A severe explosion that damaged part of a building of the Natanz nuclear power plant (NNPP) in Iran is being attributed to an Israeli cyber attack while Iranian officials claim it was an accident.
The explosion and fire appear to have started from the inside. A look at a hand-out photo of the fire released by the Atomic Energy Organization Iran (AEOI) shows a part of the building’s roof and side appear burnt but an adjacent lamp post and another thin structure protruding from the building have no damage. The windows and doors looks as if they are blown outwards.
Soon after the explosion on July 2, a hacker group calling itself ‘domestic cheetah’ emailed several Persian-language media outlets claiming responsibility for a ‘cyber attack.’ The fact that it was aware of the incident even before the Iranian announcement leads some suspicion of its hand in the attack, either by itself or helped by foreign intelligence, probably Israel which has a track record of attempting to disrupt Iran's nuclear program.
An atomic energy expert who did not wish to identified told Defenseword.net that if it indeed was a centrifuge facility, which should be housing several centrifuges spinning at very high speed all connected by computers; the possibility of a malware causing one or more centrifuges to spin out of control exists as also an unintended accident. “The centrifuges contain gases under very high pressure, if the gas pressure exceeds the tolerance limit of the centrifuges, an explosion may occur.”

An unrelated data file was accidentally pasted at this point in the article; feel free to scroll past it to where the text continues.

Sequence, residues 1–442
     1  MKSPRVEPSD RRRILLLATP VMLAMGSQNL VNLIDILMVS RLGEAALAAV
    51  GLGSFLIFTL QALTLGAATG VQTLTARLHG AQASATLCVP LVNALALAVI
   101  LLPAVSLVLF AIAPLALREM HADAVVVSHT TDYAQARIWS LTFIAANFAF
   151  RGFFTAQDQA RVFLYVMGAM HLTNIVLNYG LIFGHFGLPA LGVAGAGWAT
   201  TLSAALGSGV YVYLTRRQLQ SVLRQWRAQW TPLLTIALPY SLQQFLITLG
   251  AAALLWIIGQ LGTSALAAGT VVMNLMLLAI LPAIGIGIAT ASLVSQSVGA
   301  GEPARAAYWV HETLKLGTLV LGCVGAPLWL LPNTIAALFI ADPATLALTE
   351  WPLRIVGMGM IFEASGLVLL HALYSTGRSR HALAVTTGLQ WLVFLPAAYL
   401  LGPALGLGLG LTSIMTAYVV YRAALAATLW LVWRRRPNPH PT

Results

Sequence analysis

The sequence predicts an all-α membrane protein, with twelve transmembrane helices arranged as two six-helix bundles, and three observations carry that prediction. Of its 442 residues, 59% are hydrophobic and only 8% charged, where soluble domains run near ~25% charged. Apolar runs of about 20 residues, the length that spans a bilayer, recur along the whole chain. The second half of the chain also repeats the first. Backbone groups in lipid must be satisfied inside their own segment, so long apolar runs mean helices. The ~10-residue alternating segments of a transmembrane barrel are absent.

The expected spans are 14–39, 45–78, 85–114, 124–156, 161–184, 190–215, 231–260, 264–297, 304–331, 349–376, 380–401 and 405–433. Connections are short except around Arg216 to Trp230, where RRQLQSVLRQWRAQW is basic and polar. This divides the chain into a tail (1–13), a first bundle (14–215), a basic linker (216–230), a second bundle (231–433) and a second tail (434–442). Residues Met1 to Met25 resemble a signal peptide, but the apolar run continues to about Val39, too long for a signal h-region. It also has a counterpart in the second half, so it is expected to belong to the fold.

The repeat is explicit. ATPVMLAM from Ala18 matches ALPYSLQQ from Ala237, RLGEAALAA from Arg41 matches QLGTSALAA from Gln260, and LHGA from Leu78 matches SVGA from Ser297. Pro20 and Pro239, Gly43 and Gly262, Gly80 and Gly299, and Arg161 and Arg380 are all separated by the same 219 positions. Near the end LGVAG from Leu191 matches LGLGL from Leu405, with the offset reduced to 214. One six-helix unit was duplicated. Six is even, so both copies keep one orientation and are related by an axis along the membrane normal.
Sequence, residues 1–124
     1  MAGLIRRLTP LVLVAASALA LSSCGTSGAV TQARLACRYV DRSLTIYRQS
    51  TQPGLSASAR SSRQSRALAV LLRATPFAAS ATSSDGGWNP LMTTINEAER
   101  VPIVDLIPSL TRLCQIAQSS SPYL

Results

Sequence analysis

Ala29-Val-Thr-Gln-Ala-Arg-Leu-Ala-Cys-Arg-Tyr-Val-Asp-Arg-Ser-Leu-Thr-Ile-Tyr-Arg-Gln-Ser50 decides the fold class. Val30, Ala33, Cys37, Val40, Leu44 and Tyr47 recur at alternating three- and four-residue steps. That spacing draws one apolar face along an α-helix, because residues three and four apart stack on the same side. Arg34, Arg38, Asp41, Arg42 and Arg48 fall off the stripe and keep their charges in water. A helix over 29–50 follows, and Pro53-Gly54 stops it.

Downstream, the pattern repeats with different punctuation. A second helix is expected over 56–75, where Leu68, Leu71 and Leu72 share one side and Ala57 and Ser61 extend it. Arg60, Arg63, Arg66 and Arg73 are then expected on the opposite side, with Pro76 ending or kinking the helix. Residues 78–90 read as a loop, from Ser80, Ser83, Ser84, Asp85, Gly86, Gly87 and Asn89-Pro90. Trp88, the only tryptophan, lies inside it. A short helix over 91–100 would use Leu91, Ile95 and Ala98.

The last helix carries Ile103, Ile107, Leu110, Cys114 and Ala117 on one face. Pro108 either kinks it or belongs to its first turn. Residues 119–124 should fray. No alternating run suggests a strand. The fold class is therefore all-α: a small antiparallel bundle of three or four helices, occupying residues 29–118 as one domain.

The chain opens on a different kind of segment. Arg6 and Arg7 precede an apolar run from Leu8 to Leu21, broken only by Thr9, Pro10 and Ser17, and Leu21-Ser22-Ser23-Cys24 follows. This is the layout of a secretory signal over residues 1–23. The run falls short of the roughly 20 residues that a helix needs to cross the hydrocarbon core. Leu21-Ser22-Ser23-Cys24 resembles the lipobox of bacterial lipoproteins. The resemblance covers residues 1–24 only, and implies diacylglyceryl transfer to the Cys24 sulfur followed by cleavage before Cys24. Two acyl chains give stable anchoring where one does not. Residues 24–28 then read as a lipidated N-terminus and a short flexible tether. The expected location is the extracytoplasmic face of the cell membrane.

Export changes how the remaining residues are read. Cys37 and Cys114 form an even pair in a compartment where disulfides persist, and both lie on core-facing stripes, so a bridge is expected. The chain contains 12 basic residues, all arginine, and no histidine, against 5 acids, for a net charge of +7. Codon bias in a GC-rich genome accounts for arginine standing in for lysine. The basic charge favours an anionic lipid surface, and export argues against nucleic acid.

While Iran claims that the damaged building was a shed to house waste material, reports in anti-Iranian regime media say that the building in question is a centrifuge assembly center run by the Iran Centrifugal Technology Company (ICTC). The long building corresponds to the requirements for housing several centrifuges arranged in a chain to enrich Uranium-235. By spinning the centrifuges at high speed, the separation of U-235 from uranium oxide is ensured. The extracted U-235 can then be used to make nuclear fuel or bombs.
An IAEA statement said Friday, “The IAEA has been informed by Iran about a fire in a building at the site of the Natanz uranium enrichment facility early on Thursday. Iran also informed that the fire was quickly extinguished and that there had been no nuclear material in the building. The Natanz site is under IAEA safeguards, including both safeguards verification and JCPOA verification and monitoring.”
Meanwhile, a spokesperson of Iran's Supreme National Security Council (SNSC) commented, “Experts from different sectors started investigating ‘different hypotheses’ about the incident at the Natanz nuclear facility in central Iran immediately after its occurrence, and have determined its main cause which will be announced at an appropriate time.”